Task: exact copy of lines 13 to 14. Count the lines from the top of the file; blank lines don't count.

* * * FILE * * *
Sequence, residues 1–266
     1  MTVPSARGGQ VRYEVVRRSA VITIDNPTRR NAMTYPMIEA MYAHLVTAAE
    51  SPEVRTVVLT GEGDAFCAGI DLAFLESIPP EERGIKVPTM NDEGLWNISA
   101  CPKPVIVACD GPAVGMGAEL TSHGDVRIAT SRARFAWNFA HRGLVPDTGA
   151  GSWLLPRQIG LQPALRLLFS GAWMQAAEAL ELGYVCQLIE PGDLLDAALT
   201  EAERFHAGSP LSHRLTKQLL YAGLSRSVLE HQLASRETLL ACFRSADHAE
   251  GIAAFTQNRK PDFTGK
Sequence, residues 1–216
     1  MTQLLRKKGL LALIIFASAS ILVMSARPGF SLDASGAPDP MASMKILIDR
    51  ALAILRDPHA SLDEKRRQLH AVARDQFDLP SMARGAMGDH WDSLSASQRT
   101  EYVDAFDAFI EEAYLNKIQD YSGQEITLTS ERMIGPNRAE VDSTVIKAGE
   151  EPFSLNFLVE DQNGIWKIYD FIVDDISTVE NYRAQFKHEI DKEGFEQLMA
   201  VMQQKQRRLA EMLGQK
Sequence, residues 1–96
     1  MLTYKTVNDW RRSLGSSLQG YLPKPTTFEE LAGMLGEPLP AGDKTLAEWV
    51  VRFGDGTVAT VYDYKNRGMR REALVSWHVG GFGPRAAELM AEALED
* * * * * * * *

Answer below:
   201  VMQQKQRRLA EMLGQK
Sequence, residues 1–96